Conflict In Libya


Last month, Iman al-Obeidi appeared at a hotel in Tripoli where international journalists are staying.�She told them that she had been gang-raped and beaten by Gadhafi troops at a checkpoint.

Ms. IMAN AL-OBEIDI: (Shouting in foreign language)

NORRIS: She was ultimately dragged out of the hotel, and she hasn't been heard from since. Well, NPR reached her by phone today - though we have no way of independently verifying her account, as Libyan authorities have not allowed access to her.

NPR's Lourdes Garcia-Navarro has the latest on the story, from Tripoli.

LOURDES GARCIA-NAVARRO: Since Iman al-Obeidi's disappearance 10 days ago, journalists here in Tripoli have been asking daily for news of her whereabouts. The government spokesman has given excuse after excuse as to why she hasn't spoken to the press.

NPR was finally able to reach her by phone in Tripoli. She says she's been desperately trying to speak to the media but has been unable to reach the hotel where we're staying.

Ms. AL-OBEIDI: (Speaking foreign language)

GARCIA-NAVARRO: I arrived at the gates, but they stopped me from going into the hotel, she says. They kicked me out. When I got out, there was a car filled with military people, and they took me away and detained me. I had to call my sister to rescue me.

Iman says she's been detained at least three times since she came to the hotel late last month - and repeatedly beaten, she says, by thugs in the pay of the regime.

Ms. AL-OBEIDI: (Speaking foreign language)

GARCIA-NAVARRO: I don't go out into the streets anymore. They treat me as a terrorist every time I go out, she says. A car stops me, and it's filled with armed civilians who beat me and then take me to the security forces.

The security forces always let her go, and apologize. They say there's nothing they can do. Iman says it's a ploy to silence her while keeping their hands clean.

Ms. AL-OBEIDI: (Speaking foreign language)

GARCIA-NAVARRO: They attack me and prevent me from going out, only to instill fear in me, she says. After making her allegations public to journalists here at the Rixos hotel late last month, she says she was taken to a doctor to verify she was raped. And then she testified in front of a prosecutor, bringing eyewitnesses to her violation to substantiate her claims. But she says so far...

Ms. AL-OBEIDI: (Speaking foreign language)

GARCIA-NAVARRO: Until now, no police have gone to examine the place I was raped in, nor have they detained the people responsible, she says. They lie to the media that they have detained people, but they haven't taken any measures. She hasn't even been asked to identify her attackers, she says - more proof that they haven't investigated her allegations. She says the lawyers who have been appointed to represent her have asked her to deny that she was raped by Gadhafi's troops.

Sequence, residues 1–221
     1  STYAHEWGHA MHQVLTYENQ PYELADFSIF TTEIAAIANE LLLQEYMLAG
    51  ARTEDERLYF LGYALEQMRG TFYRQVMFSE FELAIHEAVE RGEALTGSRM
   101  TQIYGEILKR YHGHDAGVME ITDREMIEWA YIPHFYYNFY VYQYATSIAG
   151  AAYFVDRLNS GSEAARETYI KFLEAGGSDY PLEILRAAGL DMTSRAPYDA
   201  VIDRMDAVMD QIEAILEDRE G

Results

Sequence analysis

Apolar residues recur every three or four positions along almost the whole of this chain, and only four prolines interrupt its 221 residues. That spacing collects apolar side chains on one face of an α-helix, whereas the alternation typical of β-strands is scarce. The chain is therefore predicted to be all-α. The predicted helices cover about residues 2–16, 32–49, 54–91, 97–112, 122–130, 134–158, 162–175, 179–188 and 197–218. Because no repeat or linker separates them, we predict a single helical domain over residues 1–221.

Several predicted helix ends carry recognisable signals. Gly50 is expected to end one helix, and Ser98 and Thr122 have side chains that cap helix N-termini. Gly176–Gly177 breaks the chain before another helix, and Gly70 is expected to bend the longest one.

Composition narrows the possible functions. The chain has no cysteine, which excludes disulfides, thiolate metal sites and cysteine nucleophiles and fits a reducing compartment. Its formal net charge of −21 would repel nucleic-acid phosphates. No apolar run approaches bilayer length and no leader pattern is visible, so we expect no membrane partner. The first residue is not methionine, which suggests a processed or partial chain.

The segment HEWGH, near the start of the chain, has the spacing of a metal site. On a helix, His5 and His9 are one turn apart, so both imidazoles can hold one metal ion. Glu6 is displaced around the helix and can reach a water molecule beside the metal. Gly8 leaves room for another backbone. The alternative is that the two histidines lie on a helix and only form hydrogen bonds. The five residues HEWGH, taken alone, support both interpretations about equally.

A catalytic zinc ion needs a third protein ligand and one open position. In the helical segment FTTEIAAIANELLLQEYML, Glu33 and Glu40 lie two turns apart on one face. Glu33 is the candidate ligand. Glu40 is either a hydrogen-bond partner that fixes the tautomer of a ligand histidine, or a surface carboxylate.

Ms. AL-OBEIDI: (Speaking foreign language)

GARCIA-NAVARRO: They said I shouldn't mention that Gadhafi's military kidnapped me, she says. Even the lawyers who are supposedly working for me want me to change my testimony. Iman says she's gone repeatedly to try and see the public prosecutor, but to no avail. He will not meet with her. She says since the rape and her subsequent notoriety, her life has become a living hell. The government spokesman has publicly called her a prostitute and a liar.

Ms. AL-OBEIDI: (Speaking foreign language)

GARCIA-NAVARRO: They have distorted my image in front of Libya and the world, she says. They have slandered my reputation. She says she has a law degree, and comes from a prominent eastern Libyan family. Iman says her sister in Tripoli is also being terrorized.

Ms. AL-OBEIDI: (Speaking foreign language)

GARCIA-NAVARRO: Of course I fear for my life and my family's life, she says. Yesterday, I was beaten so hard that I can't even leave my bed today. When asked why she's risking speaking to the media again, she says she has no choice. We are suffocated, she says; we are kidnapped and beaten.

The government here was not immediately available to comment on her claims. Iman al-Obeidi finished her interview in tears.

Ms. AL-OBEIDI: (Speaking foreign language)

GARCIA-NAVARRO: There is no law. This is a country with no law, she says.

Ms. AL-OBEIDI: (Speaking foreign language)

GARCIA-NAVARRO: This is a country of gangs.

Lourdes Garcia-Navarro, NPR News, Tripoli.

Copyright © 2011 NPR. All rights reserved. Visit our website terms of use and permissions pages at for further information.

NPR transcripts are created on a rush deadline by a contractor for NPR, and accuracy and availability may vary. This text may not be in its final form and may be updated or revised in the future. Please be aware that the authoritative record of NPR’s programming is the audio.



Please keep your community civil. All comments must follow the Community rules and terms of use, and will be moderated prior to posting. NPR reserves the right to use the comments we receive, in whole or in part, and to use the commenter's name and location, in any medium. See also the Terms of Use, Privacy Policy and Community FAQ.

NPR thanks our sponsors

Become an NPR sponsor

Support comes from